From Love Story to Lasting Legacy, Charles Gruenberger and Jack Kersey’s Support of the LGBTQ+ Community Lives on Through the Community Foundation of Louisville’s Newest Funding Initiative

The Community Foundation of Louisville, in partnership with a community-led advisory committee, has launched the Charles & Jack Fund for LGBTQ+ Advancement – a new funding opportunity focused on supporting nonprofit organizations that are committed to fostering a supportive, inclusive, and affirming environments for queer youth in Louisville.

Through a permanent endowment fund created by the late Charles Gruenberger and Jack Kersey – two longtime trailblazers in advocating for queer rights and HIV/AIDS education in Louisville – the Charles & Jack Fund for LBGTQ+ Advancement seeks to meet the unique needs of LGBTQ+ youth and advance the work of organizations who are on the ground supporting this population.

Queer youth have faced a barrage of attacks, both nationally and at home. These relentless assaults have undermined their rights and their safety, and the advocates, caregivers, and protectors who tirelessly support Louisville’s youth must receive the support they need to further their organizations’ missions.

Local 501(c)(3) nonprofit organizations serving LGBTQ+ youth (aged 24 and under) are invited to apply online for grant funding of up to $20,000 from now until July 10, 2024, at midnight (ET). The Foundation will also host a virtual information session for nonprofits on June 13 at 3:30 p.m. (ET) to learn more about the grant application for the Charles & Jack Fund for LGBTQ+ Advancement.

About Charles and Jack

Charles Gruenberger and Jack Kersey met sometime around 1950 in Washington D.C, where Charles was teaching dentistry at Georgetown University, and Jack was a dancer with the Washington Ballet. They would move to Louisville in 51’ and return to D.C. a year later when Charles was drafted into the Korean War, serving at the Pentagon. In 1953, President Eisenhower signed Executive Order 10450, making homosexuality a disqualification for federal employment. In the wake of the order, they left the Capitol for Louisville again, this time for good. Upon settling in Old Louisville, Gruenberger and Kersey described the city’s gay scene as “conservative” and “very, very discreet.” Fortunately, they committed themselves to bringing safety, visibility, and resources to Louisville’s queer citizens when few existed.

picture of Charles and Jack smiling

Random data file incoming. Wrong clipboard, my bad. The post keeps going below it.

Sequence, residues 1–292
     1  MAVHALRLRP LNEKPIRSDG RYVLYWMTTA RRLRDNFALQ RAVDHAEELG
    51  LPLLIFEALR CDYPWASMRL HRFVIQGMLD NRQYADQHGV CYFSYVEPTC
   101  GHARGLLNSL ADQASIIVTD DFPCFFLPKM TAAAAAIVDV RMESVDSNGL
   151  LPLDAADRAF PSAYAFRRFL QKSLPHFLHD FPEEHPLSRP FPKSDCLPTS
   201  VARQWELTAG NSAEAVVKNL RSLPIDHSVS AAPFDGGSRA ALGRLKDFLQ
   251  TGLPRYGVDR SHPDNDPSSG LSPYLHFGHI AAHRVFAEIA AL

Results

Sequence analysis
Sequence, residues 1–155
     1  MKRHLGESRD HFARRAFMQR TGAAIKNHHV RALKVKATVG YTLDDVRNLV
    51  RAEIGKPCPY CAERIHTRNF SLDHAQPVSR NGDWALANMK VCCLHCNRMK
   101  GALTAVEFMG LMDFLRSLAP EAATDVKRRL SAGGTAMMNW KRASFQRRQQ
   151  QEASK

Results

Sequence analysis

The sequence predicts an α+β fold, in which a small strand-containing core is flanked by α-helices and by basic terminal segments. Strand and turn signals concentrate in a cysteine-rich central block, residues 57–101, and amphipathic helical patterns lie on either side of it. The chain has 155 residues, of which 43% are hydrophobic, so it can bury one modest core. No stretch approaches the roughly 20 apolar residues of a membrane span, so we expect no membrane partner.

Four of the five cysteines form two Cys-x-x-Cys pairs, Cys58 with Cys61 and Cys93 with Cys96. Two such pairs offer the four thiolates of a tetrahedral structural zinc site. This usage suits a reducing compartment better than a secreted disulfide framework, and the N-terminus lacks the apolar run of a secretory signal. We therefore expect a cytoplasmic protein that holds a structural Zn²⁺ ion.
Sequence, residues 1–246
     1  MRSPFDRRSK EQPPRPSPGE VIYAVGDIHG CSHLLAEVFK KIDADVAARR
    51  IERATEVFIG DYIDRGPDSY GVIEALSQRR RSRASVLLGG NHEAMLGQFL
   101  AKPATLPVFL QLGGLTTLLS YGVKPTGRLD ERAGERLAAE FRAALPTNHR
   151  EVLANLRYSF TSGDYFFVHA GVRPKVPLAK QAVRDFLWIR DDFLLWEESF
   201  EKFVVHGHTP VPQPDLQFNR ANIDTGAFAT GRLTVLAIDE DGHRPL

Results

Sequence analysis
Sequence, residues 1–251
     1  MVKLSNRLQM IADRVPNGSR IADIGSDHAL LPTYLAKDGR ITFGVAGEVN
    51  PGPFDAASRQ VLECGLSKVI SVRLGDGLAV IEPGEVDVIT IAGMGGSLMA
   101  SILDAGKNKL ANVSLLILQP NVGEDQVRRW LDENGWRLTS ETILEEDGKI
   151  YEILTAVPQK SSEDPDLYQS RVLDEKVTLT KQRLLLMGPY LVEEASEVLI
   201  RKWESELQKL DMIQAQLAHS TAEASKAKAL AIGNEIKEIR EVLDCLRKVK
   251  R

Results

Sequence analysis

Pictured: Charles Gruenberger and Jack Kersey, circa 1995. Photo courtesy of House of Ruth.

In 1970, the Louisville Gay Liberation Front, which held university classes at UofL on gay life, was started in a building Kersey owned. Kersey famously became the first Louisville man to come out as gay on television when he was featured in a WLKY segment in 1978. In the 80s, after an unsuccessful attempt to add a gay crisis hotline through Louisville’s social service agencies, Jack and Charles helped form the CommTen Center. Beyond providing the crisis line the city refused to offer, the CommTen Center provided diverse educational and cultural programs for LGBTQ people and hosted the earliest local meetings with elected and campaign officials.

When the AIDS crisis reached Louisville, Jack and Charles took in a young person dying of AIDS whose parents wanted nothing to do with them. Then they took in another. Finally, in 1986, they purchased Glade House at 1022 S. 6th St. as a residential community and hospice for HIV/AIDS sufferers. Glade House was so successful that a neighboring building was purchased, and professional staff were brought on board. In 2001, Glade House was acquired by House of Ruth and still provides shelter for homeless individuals with HIV/AIDS to this day.

In 1994, Charles established a Trust with the Community Foundation of Louisville with the condition that, upon his and Jack’s deaths, a Field of Interest Fund be opened to continue the incredible work they dedicated their lives to in support of marginalized communities.

Since their passing, Charles and Jack’s legacy of resiliency lives on in the Charles & Jack Fund for LBGTQ+ Advancement.

Interested in this grant? Register to attend the virtual info session on June 13 or apply online today.